Taking a stab at sticks

by Bernard Shire
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 Western’s Smokehouse is known far and wide for its bacon snack sticks.
Western’s Smokehouse, in Greentop, Missouri, is well known for its bacon meat snacks.
 

Western’s Smokehouse is a small meat processing business based in Greentop, Missouri, and like a lot of other small meat processors, it’s been getting into the bacon business in a big way. Founded by Sam Western in 1978, his son Kevin has been with Western’s since 1992, and now a third-generation, grandson Leighton, is working for the company.

Small meat processing companies, while making a lot of different kinds of products, often have a stellar reputation for one in particular, and that’s certainly true of Western’s Smokehouse. The company is known far and wide for its snack sticks. So it wasn’t much of a surprise to learn that Sam Western is adding bacon to his snack stick portfolio. In fact, Western’s makes three kinds of bacon snack sticks — hickory smoked bacon, sweet maple bacon, and peppered bacon.

“We create our bacon flavored snack stick by using bacon flavored seasoning, and by adding actual bacon to our snack stick recipe,” Sam Western explains. With the immense interest and popularity of bacon, the decision to add bacon to the company’s lineup of snack sticks was an easy one. “Bacon’s taken off, it’s become a very big deal, so we thought right away, people are going to love bacon snack sticks,” he says. “There’s bacon ice cream, bacon jerky, bacon jam. So why not in snack sticks, a very successful product we’re known for making anyway?”

Western knows why bacon has become so popular – it’s the flavor. “I think it’s one of the most flavorful meat products there is – bacon comes from the belly, which is the most flavorful part of the animal.” He adds: “The other thing is bacon is used in such a wide variety of meals and dishes that a lot of people eat anyway: BLT sandwiches, cheeseburgers. You can use bacon in 50 different dishes or types of food. And since we’re in the snack stick business anyway, it just made sense,” Western says.

 Western’s Smokehouse also makes a number of bacons, including dry-cured country bacon.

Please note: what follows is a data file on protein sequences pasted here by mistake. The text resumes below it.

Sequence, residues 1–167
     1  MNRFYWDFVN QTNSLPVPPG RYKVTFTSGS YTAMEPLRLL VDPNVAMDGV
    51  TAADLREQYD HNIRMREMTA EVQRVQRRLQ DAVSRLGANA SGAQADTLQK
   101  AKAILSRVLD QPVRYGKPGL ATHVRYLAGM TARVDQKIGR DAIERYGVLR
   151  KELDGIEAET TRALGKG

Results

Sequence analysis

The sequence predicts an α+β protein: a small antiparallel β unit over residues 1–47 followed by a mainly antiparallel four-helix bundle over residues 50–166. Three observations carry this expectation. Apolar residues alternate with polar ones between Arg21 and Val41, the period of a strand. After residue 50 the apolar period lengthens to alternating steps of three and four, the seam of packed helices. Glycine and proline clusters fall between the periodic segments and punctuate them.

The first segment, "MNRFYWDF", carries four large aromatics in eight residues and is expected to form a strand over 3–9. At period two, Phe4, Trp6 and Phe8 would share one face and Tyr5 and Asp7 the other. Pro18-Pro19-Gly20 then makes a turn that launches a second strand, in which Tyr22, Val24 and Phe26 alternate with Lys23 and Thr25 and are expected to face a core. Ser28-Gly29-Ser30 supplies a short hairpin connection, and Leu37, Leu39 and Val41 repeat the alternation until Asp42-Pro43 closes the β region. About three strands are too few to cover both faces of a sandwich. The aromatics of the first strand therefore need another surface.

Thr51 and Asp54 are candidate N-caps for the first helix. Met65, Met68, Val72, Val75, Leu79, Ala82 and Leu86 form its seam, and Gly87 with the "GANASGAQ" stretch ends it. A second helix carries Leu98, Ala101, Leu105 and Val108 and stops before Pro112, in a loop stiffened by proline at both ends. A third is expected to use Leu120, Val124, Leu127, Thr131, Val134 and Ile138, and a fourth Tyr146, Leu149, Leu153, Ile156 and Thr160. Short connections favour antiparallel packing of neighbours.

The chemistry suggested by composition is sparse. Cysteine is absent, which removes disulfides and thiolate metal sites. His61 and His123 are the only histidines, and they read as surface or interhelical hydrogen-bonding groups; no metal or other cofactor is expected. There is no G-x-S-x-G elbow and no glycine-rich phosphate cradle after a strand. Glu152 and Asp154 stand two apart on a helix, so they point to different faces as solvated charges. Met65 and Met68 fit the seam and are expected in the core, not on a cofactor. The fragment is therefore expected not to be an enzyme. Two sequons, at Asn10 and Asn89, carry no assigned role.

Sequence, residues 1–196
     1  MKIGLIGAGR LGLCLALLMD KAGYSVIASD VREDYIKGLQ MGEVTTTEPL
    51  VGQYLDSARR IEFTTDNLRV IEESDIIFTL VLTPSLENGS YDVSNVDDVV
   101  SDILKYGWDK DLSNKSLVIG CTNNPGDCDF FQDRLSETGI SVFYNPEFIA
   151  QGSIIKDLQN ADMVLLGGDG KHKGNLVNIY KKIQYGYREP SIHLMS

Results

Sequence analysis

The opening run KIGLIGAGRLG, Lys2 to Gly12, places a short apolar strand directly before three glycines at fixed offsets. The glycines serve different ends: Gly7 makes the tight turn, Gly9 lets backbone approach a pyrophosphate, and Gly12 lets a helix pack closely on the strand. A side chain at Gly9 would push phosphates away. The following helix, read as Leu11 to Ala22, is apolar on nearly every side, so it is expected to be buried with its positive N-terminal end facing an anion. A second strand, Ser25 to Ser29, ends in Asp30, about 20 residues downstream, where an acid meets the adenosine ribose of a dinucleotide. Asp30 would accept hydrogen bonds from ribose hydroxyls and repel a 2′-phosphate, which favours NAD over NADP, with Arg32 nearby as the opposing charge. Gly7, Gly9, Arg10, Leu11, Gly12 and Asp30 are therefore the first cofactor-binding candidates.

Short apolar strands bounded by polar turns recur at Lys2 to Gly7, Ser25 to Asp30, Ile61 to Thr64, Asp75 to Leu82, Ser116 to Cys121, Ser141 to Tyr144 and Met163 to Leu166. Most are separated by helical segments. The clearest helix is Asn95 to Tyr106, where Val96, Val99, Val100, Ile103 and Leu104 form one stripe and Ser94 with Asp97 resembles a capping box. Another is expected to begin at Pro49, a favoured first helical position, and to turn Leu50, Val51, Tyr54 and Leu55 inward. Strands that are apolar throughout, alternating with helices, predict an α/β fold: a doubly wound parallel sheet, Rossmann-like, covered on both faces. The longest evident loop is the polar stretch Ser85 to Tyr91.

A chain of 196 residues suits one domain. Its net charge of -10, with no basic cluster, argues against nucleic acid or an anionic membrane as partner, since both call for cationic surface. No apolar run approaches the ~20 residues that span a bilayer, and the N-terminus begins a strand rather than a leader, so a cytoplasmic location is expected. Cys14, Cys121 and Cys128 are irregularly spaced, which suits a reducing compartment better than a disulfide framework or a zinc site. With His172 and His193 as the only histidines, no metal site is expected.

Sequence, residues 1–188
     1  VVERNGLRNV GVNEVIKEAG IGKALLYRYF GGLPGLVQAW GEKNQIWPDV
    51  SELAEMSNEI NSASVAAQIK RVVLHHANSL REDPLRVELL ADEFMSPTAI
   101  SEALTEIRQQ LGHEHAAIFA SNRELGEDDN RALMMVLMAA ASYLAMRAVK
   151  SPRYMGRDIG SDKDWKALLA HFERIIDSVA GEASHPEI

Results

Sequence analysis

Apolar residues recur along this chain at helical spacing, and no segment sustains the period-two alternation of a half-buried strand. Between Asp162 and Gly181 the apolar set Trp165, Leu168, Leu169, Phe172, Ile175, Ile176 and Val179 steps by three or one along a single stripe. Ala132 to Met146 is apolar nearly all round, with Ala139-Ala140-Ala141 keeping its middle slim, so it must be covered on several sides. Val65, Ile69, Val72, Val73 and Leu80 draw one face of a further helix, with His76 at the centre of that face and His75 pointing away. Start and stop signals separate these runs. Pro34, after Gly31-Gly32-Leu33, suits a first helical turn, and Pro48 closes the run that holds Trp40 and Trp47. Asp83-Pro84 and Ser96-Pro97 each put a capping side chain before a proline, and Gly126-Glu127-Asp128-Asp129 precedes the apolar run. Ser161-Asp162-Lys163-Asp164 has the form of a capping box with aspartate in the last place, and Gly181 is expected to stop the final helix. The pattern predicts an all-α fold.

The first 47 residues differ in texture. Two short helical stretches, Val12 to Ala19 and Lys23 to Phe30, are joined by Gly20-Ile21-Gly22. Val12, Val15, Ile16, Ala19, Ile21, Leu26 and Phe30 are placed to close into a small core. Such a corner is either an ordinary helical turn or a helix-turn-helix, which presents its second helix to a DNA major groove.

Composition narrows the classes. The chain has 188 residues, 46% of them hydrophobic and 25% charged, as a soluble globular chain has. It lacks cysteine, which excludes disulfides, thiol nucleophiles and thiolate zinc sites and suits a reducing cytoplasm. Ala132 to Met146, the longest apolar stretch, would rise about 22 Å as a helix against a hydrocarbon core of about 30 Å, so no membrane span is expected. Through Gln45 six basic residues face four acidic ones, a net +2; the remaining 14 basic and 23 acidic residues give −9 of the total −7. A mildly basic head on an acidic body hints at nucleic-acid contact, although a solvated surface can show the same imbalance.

Western’s Smokehouse makes a variety of bacon products, including dry-cured country bacon.
 
But Western’s Smokehouse also makes a number of bacon varieties in the form most people are used to seeing it; dry-cured country bacon that’s not tumbled or injected, and “city” bacon, which is tumbled and injected. He cures his country bacon between seven and 12 days. The taste differences? “We feel the dry-cured bacon is saltier because you can’t control how much cure seasoning is absorbed, because it’s just rubbed on the outside. We believe the tumbled “city” bacon is milder and can be prepared more consistently because you can start with a certain poundage and figure the cure/seasoning exactly that needs to be added. Then you tumble it until the cure is absorbed completely and more evenly,” he notes.

Western’s also makes “cottage” bacon. “Cottage” is an English term. “We use a Boston butt or pork butt. That’s the difference,” he explains. “And we prepare it just like our hickory bacon.” Cottage bacon is quite lean and fries up more like ham, although it tastes like bacon. Western’s also makes pepper bacon, jalapeno bacon and beef bacon. “Our number one bacon is a mild cured bacon, using hickory smoke. Our beef bacon is made from beef brisket, a cut of meat from the breast or lower chest of beef or veal. “Our beef brisket is very lean, that’s why people like it,” he says.

Western’s Smokehouse makes very good bacon, and the competitions it has won prove it. Western’s hickory smoked bacon was grand champion in the American Cured Meat Championships, the AAMP national competition, in 2000 and 2002. He’s won 10 awards in the Missouri Association of Meat Processors competition, most recently as last year, and dating back to 1988. “Those competitions mean a lot to us, but when we display the awards in our store, our customers know they’re getting a very high-quality product.

Western is also quite proud of the raw materials he uses to create his bacon products. “We only buy Number One bellies here in the Midwest,” he says. “You can buy a lightweight belly, but then there’s a big difference in your finished bacon. We like to buy heavier bellies, 11 to 14 lbs., from our local packers in the Midwest. By getting the best meat materials to work with, we know our finished bacon will also be the very best.”

 

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READER COMMENTS (2)

By Mike Sloan 9/23/2016 12:23:02 AM
Great family,great products,great success story, well written!

By David Armstrong 9/21/2016 11:49:46 AM
Loved it!